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Nottebohm is interested in the origin and evolution of ideas, and he examines the genesis of concepts as a biological process. He holds that a full understanding of a phenomenon requires that we know its origins and evolution, and that this holds true for our understanding of matter, space, time, people, life, the universe, gods, and science.

For decades, the Nottebohm laboratory has worked on the basic biology of vocal learning in birds. This research described the stages of vocal learning and the underlying circuitry, which was found to include anatomically discreet nuclei that seem to have no function other than their involvement in the acquisition and production of learned song. Several of these nuclei are larger in males, which do most of the singing, than in females. Furthermore, in males the size of these nuclei changes seasonally, a finding that has led to the discovery that some of these nuclei accommodate a constant production and replacement of the very cells whose circuits encode the learned song, and that this replacement peaks at times of peak memory load.

The discovery of this phenomenon in songbirds has led to a rethinking of the elements that set limits on how much can be learned: the replacement of seemingly healthy neurons suggests that long-term memory involves not only changes in synaptic efficacy and number, but also changes in DNA expression, affecting a cell’s performance in a circuit. Such permanent changes would, however, use up memory space, thus setting the need for periodic replacement of whole cells. Conceived in this manner, the management of memory space emerges as a key principle of brain function and suggests that neuronal replacement can also be thought of as a process of brain rejuvenation.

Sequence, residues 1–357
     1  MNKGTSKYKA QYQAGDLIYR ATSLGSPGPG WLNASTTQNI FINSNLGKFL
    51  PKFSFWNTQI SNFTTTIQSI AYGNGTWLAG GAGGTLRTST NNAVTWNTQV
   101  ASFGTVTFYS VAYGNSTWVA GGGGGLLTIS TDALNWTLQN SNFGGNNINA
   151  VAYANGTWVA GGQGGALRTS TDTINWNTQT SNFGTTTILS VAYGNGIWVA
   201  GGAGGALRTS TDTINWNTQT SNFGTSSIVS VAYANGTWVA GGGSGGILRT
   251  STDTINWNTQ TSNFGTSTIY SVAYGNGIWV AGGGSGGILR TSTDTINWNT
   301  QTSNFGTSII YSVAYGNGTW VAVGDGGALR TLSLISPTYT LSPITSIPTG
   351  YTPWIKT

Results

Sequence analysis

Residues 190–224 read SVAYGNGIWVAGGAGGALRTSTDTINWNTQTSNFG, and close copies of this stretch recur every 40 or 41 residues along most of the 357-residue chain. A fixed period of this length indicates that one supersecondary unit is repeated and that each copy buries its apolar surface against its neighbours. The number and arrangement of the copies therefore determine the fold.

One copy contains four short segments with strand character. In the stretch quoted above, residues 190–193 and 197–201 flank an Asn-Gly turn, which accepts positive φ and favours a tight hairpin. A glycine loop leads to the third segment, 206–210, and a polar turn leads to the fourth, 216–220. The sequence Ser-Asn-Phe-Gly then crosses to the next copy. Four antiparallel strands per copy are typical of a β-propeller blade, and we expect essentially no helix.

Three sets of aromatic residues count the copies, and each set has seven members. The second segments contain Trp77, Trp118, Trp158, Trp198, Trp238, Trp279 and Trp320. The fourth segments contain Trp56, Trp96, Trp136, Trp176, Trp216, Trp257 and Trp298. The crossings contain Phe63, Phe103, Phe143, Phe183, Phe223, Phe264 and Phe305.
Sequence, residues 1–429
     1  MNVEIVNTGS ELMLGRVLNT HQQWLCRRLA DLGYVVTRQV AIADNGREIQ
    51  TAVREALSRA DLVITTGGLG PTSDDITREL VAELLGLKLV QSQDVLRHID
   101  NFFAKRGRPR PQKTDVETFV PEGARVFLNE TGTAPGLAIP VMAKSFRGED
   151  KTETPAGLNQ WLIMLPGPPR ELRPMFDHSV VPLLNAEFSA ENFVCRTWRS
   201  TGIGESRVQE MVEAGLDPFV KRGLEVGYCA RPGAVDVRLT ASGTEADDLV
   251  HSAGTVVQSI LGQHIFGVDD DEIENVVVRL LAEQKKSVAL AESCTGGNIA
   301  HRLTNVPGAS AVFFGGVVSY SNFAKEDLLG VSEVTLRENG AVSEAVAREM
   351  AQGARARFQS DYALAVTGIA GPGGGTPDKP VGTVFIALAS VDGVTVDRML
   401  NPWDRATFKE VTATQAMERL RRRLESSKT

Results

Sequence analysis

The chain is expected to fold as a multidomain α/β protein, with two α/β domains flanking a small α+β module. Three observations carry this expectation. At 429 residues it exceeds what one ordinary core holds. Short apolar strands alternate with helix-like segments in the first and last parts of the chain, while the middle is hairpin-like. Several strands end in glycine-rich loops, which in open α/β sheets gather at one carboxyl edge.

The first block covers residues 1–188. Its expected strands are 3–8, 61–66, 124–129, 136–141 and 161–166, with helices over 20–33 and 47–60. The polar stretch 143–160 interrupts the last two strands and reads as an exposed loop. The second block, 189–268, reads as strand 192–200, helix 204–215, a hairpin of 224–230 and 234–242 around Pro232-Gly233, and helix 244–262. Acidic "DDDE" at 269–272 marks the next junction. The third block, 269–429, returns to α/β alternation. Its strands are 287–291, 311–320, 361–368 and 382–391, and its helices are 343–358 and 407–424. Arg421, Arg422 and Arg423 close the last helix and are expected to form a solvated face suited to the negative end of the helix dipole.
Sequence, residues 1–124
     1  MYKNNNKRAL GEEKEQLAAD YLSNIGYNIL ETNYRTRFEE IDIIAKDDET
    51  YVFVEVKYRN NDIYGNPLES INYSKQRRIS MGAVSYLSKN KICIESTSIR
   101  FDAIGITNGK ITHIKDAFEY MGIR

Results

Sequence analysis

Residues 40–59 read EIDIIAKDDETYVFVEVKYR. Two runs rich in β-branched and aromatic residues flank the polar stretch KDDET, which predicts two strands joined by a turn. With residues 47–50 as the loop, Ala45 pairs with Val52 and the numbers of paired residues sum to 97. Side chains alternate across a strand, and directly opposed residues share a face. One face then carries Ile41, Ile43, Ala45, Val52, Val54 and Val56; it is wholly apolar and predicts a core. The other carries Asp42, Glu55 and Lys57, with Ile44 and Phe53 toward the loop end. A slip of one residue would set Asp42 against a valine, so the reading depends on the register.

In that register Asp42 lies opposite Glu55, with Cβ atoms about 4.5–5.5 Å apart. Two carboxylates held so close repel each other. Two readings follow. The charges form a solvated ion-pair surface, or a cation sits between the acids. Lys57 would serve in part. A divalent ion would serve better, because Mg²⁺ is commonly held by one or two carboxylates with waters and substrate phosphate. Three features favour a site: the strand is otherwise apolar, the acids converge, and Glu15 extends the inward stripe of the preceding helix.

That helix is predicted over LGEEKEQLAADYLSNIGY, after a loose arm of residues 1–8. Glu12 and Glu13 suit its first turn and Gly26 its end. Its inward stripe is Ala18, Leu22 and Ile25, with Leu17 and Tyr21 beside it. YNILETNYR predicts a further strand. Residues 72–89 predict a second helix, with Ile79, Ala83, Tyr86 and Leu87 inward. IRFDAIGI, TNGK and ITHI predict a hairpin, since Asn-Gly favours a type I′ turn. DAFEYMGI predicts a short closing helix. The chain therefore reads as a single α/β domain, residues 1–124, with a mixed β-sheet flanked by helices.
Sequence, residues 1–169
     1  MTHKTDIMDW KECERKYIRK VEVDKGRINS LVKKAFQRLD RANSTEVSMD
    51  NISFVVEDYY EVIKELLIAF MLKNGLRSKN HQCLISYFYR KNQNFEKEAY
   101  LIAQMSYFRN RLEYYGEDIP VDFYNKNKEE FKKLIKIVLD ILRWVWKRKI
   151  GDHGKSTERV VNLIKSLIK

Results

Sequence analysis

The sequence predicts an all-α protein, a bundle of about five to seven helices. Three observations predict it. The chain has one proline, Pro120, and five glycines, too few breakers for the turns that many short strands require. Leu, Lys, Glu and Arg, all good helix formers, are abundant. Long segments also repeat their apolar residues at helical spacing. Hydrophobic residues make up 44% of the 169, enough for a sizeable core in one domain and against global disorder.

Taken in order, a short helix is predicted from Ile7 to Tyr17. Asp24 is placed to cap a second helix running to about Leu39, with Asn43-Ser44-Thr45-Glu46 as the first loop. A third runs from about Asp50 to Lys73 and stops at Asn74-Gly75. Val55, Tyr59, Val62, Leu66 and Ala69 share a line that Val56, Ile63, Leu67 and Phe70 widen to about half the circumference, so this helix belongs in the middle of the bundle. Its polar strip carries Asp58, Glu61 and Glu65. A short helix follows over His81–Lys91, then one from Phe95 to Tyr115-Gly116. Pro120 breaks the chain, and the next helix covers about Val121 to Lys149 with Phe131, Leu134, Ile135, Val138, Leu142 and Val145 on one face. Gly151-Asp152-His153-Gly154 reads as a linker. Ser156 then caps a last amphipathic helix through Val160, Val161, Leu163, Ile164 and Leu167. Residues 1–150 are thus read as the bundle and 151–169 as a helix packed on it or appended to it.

In recent years, Nottebohm has switched his attention from hands-on experimental work to an ambitious review of the genesis of key ideas in science, philosophy, and religion. His work treats the phenomenon of culture formation as a biological process, with laws of its own and emergent patterns and paradoxes. His focus is on big questions, including the origins of people, of life, of the universe, and of God. Nottebohm argues that such questions—aimed to understand how some of the thoughts and beliefs at the center of our culture came to be and the rhythm and rules of their creation and modification—constitute a legitimate scientific challenge.